“Authenticity Is the New Authority”

“Authenticity Is the New Authority” September 19, 2019

So here I am at the Catholic Imagination Conference, hosted by Loyola University in Chicago, & a woman who works in religious publishing says that the title of this post is a commonplace saying in her business. She asked the panelists to comment. We started off with a bang as Bill Gonch busted out with, “I don’t want to say that I’m against authenticity, but–”

Which was basically my exact reaction. So here, let me suggest some very short cases for and against “authenticity”: some places to begin.

# I first thought about authenticity in fiction. I aim for authentic dialogue and characterization. I want the characters to sound different, and to sound like people rooted in specific communities and experiences. Partly that makes the jokes funnier; recognizable types have recognizable follies. But also, so far both of my novels have taken place in a world where Catholicism is true. And it’s important to say that’s a world with many voices, many different and even seemingly-conflicting ways of life. There’s nothing you bring to the table that you can’t bring to the altar. Everybody commiserating or cajoling or complaining on the 70 bus has a place prepared at the wedding banquet of the Lamb, and when they pray and praise they will sound like who they are.

# And of course I also spent the first third of Gay and Catholic proving my “authenticity,” writing memoir, because when I listen to other Catholics running their mouths on gay stuff I always want to know where they are coming from and, to be crass, what they paid for what they’re saying. The demand for “authenticity,” or the use of authenticity as a proxy for authority, can be understood as a demand for at least some morsel of martyrdom, without which no witness to the Crucified can be complete.

# So that’s two possible cases for authenticity. The obvious case against is that the concept of “authenticity” assumes an unmediated experience, rather than an experience shaped by culture and open to interpretation by an outside authority: for Catholics, interpretation by God through the Church. I have been an opponent of unmediated experience from of old and boy, I haven’t changed my mind on that one. “We are unknown to ourselves, we knowers,” Nietzsche says; we are not our own best readers.

# Brent Little, I think, pointed out that Augustine’s Confessions attract in part because of their vulnerability, their authenticity. And yet he noted that this authenticity points beyond Augustine’s own experiences and is interpreted (even, I would say, interrogated!) by outside authority–God, Scripture, the liturgy and orthodoxy of the Church. Augustine interrogates his experiences, and his prior interpretations of them. The authentic self is precisely the whole self, the self restored by selfless surrender to Christ: Authenticity is revealed only through dying to self and being restored to new life, just as Christ’s glorified Body, even the full meaning of the Wounds, appears only after His death and resurrection.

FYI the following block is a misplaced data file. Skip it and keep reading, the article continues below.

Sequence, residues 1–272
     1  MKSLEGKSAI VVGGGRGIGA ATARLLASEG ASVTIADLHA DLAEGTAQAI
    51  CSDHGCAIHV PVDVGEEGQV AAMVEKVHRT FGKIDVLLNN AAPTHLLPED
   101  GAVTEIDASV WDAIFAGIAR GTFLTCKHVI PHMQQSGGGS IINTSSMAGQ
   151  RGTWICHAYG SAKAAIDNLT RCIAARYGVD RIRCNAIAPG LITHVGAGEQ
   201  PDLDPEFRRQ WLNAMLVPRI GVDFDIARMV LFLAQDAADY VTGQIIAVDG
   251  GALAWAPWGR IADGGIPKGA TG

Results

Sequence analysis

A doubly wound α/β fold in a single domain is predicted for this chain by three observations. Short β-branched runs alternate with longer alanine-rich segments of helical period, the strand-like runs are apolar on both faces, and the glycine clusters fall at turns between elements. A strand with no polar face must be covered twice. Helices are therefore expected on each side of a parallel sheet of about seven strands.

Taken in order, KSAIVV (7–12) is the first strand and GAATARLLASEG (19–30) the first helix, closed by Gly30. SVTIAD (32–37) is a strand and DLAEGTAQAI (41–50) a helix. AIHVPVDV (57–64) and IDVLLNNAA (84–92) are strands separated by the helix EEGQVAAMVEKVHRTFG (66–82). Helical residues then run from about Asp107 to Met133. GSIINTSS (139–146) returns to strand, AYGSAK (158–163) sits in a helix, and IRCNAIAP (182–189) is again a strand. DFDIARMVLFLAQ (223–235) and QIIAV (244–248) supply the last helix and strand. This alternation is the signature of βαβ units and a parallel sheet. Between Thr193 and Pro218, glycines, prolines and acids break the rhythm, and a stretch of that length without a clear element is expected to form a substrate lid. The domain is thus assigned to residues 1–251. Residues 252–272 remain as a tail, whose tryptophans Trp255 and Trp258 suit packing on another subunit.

# Joseph Simmons, SJ, made a couple points: Reading itself is an oddly anti-authentic act, insofar as you’re displacing yourself when you read (and fiction authors, the subjects of this panel, displace themselves also when they write). You’re taking on another person’s voice and living in the world they see or imagine, and through this self-displacement you may discover truths. He also mentioned the unreliable narrator. We love unreliable narrators! I think often we love them most when they believe they’re being utterly authentic. We like to know more than them; we also like to recognize ourselves in them.

# Trevor Williams said some things which I didn’t write down, I admit, but which made me think of the relief that comes from a faith you don’t have to generate or sustain yourself. You don’t have to work it all out! You don’t have to reason through it. You can admit that your own perspective is inadequate.

# How, then, do writers who rely on outside authority indicate the inadequacy of any description, argument, advice, or account of God to capture Him fully? Writing praised as “authentic” often rests too much authority in the individual, when it seems like one strength of very personal writing should be precisely that it’s obvious that one life and perspective can’t express all that we need of God. Maybe part of the issue is that our current culture of “authenticity” keeps the voices too separate–everyone in her own expressive world, each author the god of a tiny planet. Personal authenticity undisciplined by unity will always become a prideful assertion of one’s own sufficiency. (Even) writers who explicitly cite outside authority can gain a certain humility and acknowledge the inadequacy of their accounts simply by remaining in a Church which gives many different accounts, many different spiritualities, within one communion, under one Lord.


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